|Name||St Matthew’s Catholic Primary School|
|Ofsted Inspection Rating||Good|
|Inspection Date||18 June 2013|
|Address||Saffron Drive, Allerton, Bradford, West Yorkshire, BD15 7NE|
|Religious Character||Roman Catholic|
|Number of Pupils||245 (46% boys 54% girls)|
|Number of Pupils per Teacher||21.4|
|Percentage Free School Meals||15.8%|
|Percentage English is Not First Language||25.7%|
Information about this school
This school is an average-sized primary school. The proportion of pupils known to be eligible for the pupil premium funding is above the national average. A very few pupils are looked after in public care. (The pupil premium is additional funding for those pupils who are known to be eligible for free school meals, children from service families and those children that are looked after.) The proportion of disabled pupils or with a special educational need who are supported at school action is above average but the proportion at school action plus or with a statement of special educational needs is below average. The proportion of pupils from minority ethnic groups, including those who are learning English as an additional language, is greater than that found nationally. The school meets the government’s current floor standard, which set the minimum expectations of pupils’ attainment and progress. The school operates a breakfast club. There has been some significant remodelling of the school building since the school’s last inspection.
Summary of key findings for parents and pupils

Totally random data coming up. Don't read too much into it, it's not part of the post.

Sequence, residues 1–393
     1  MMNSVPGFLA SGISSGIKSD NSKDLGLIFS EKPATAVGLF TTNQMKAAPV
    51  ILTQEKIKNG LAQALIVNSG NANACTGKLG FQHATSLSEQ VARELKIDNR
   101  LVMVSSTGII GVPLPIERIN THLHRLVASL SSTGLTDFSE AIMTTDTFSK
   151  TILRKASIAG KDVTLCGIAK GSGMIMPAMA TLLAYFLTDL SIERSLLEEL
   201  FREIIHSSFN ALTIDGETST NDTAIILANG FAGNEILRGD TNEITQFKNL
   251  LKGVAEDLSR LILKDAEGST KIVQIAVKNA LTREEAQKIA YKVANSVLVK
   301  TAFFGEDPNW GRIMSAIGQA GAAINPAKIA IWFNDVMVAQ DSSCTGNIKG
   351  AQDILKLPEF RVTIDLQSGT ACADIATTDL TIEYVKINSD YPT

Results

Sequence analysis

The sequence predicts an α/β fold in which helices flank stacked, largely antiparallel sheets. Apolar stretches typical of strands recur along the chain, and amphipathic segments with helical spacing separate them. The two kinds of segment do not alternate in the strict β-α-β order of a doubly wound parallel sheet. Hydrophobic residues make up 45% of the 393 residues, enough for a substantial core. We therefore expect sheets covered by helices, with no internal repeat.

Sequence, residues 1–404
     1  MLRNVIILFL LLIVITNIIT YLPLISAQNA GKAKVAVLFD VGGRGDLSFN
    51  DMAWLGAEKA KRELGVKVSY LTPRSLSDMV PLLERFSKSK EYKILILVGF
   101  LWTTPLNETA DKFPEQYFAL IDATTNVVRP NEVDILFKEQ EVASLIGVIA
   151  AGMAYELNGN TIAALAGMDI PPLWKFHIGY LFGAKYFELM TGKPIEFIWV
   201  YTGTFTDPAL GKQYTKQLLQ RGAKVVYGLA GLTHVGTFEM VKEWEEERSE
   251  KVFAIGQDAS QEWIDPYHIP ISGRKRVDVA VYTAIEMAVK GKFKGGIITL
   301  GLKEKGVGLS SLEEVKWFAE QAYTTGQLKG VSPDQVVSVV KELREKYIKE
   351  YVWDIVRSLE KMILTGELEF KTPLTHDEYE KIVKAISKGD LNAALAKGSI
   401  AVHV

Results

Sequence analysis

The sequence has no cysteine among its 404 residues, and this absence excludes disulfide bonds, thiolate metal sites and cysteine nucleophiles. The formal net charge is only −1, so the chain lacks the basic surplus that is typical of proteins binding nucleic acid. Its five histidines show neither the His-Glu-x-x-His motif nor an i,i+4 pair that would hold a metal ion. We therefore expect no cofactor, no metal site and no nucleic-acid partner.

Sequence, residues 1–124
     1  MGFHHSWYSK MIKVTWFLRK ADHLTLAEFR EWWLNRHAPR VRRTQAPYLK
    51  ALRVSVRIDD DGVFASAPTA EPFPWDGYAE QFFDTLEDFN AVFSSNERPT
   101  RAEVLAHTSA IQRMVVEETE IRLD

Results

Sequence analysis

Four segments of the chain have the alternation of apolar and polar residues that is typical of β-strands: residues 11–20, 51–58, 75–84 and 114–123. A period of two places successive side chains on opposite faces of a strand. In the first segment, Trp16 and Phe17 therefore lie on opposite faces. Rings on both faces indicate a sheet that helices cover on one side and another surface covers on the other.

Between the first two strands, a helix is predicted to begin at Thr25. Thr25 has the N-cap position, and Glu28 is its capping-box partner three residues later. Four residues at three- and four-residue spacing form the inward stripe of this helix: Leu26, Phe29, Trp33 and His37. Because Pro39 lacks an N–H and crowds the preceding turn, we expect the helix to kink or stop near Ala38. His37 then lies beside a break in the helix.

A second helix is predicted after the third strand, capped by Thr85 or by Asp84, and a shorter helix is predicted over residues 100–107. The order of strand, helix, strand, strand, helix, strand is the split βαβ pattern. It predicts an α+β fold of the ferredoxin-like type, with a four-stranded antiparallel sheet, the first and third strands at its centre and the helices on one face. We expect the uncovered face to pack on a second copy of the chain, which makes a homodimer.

This is a good school. Pupils’ achievements, particularly in English and mathematics, are good. By the time they leave school in Year 6, standards are average which represents good progress from their starting points in nursery. Teaching is consistently good and sometimes outstanding; it enables pupils to learn well and feel pleased with their work. Beyond regular lessons, pupils take part in a wide range of activities that they find fascinating, such as Tea Dancing in Year 6 (from the waltz to the jive). The headteacher leads very well ensuring that this good school is continually improving. Senior leaders work effectively, in partnership with the knowledgeable governing body, to improve the quality of teaching and pupils’ achievement. Parents and staff all agree that pupils’ welfare is given top priority. A parent declared that, ‘the school feels like home to me.’ As a result, pupils feel safe, enjoy lessons and talk enthusiastically about all that they do. Pupils are justly proud of their school, which is demonstrated by their good behaviour and personal development. It is not yet an outstanding school because : There is not yet enough outstanding teaching to make sure the progress of all pupils is first-rate. Attendance is below average and, although there are signs of improvement, it is not yet rising quickly enough.